We are learning about the Crystalline state and its models. The question says Use diameters of 17, 19, 21, and 24 nm for a dime, penny, nickel, and quarter, respectively, to calculate r+/r– for the...

asked by @valentinac9 • about 2 years ago • Chemistry • 5 pts

various “coin ion” combinations, assuming the dime to be the cation. With actual coins, determine the number of anions that can touch the dime with each combination. I really don't know where to start

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1 answer

Hey there. Interesting question. In this question we need to determine how many coins (pennies, quarter, and nickels) you can put around the circumference of a dime. So we have diameters given and so recall the radius is the diameter divided by 2.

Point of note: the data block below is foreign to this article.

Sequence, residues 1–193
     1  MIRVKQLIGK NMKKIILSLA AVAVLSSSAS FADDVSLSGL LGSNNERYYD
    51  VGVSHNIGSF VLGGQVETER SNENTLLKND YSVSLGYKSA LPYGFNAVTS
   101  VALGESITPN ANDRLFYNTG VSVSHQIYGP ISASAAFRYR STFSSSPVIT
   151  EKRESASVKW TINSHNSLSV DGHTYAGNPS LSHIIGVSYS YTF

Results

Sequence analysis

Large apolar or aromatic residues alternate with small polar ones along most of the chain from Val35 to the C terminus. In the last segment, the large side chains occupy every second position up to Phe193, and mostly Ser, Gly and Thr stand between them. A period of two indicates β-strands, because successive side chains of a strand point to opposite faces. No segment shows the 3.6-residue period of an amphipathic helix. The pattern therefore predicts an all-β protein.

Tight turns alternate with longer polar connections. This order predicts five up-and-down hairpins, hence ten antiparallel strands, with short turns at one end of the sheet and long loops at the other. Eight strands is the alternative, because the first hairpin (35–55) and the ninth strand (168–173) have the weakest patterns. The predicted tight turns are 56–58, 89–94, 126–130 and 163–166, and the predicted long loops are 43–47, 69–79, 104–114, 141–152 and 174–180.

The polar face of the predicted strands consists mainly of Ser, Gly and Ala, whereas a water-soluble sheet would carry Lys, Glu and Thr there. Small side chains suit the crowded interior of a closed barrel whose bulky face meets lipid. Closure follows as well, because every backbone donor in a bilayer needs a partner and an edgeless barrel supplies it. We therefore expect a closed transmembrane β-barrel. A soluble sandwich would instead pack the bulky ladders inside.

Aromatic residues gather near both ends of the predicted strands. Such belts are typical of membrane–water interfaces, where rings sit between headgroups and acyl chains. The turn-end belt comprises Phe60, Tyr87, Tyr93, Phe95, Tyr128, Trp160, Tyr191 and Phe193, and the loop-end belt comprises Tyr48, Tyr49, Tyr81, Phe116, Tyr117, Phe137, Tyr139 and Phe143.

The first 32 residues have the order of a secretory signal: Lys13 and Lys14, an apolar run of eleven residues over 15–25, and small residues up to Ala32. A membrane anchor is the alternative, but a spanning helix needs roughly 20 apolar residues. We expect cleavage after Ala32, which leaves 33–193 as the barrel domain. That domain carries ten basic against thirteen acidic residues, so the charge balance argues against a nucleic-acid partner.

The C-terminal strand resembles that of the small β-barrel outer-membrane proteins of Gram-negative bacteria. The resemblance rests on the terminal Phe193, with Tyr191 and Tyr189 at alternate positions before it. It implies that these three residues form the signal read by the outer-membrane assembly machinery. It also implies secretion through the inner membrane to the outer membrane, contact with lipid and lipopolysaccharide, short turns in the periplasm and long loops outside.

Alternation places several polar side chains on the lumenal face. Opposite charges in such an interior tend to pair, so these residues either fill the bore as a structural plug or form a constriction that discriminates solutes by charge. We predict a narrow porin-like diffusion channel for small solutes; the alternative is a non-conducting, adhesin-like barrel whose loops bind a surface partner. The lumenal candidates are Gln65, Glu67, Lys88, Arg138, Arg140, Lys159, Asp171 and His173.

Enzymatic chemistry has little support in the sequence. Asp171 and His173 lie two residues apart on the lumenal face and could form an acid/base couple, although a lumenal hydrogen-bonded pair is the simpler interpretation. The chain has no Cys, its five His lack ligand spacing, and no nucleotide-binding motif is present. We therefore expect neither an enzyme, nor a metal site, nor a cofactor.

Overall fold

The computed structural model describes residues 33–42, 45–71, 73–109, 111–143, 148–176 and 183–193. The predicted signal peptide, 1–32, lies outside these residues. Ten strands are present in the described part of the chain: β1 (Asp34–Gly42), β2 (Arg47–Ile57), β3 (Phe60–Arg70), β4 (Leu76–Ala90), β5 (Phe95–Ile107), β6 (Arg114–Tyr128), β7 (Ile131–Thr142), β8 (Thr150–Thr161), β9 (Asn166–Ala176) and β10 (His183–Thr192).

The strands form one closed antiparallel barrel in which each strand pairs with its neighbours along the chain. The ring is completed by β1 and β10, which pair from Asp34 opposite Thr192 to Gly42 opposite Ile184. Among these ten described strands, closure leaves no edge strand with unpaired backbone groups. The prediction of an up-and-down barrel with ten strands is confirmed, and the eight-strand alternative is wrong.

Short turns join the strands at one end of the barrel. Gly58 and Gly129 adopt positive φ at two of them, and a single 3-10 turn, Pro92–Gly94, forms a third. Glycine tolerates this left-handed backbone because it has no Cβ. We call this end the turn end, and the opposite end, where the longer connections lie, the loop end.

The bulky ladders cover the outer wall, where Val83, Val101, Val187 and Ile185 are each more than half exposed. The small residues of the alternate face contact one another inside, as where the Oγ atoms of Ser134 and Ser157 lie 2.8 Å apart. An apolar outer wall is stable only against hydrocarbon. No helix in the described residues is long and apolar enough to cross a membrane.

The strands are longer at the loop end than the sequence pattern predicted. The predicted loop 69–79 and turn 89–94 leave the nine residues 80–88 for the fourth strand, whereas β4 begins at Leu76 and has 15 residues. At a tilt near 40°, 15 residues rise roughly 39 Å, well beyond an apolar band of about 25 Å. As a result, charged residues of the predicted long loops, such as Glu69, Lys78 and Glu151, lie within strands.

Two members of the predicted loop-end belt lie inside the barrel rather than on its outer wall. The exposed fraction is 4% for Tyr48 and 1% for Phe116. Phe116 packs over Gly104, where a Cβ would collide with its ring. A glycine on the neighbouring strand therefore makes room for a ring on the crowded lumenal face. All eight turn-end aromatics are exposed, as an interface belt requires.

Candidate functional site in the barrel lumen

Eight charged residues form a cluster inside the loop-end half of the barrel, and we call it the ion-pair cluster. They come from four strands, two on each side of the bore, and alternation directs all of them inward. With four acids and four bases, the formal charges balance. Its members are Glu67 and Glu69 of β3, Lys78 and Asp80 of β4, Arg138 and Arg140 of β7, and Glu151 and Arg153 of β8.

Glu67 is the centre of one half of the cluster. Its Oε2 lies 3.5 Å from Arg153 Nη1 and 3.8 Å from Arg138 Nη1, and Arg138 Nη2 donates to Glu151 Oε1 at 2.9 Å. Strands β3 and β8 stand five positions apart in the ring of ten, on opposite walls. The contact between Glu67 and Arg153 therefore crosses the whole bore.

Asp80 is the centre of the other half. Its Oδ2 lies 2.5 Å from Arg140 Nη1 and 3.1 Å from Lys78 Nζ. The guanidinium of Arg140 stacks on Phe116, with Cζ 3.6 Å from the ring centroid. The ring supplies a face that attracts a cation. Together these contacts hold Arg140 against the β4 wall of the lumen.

The radius of a dime would be 17/2 = 8.5 nm. We are told this is the cation so it's r+ The radius of a penny would be 19/2 = 9.5 nm. Make this r- penny The radius of a nickel would be 21/2 = 10.5 nm. Make this r- nickel. The radius of a quarter would be 24/2 = 12.0 nm. Make this r- quarter.

So now divide r+ by the r- of each coin to determine the different combinations.

dime/penny = r+/r- = 8.5/9.5 = 0.895 dime/nickel = r+/r- = 8.5/10.5 = 0.810 dime/quarter = r+/r- = 8.5/12.0 = 0.708

This gives us

No. of penny anions that can touch dime cation = 6

No. of nickel anions that can touch dime cation = 5

No. of quarter anions that can touch dime cation = 5

answered by @jules • about 2 years ago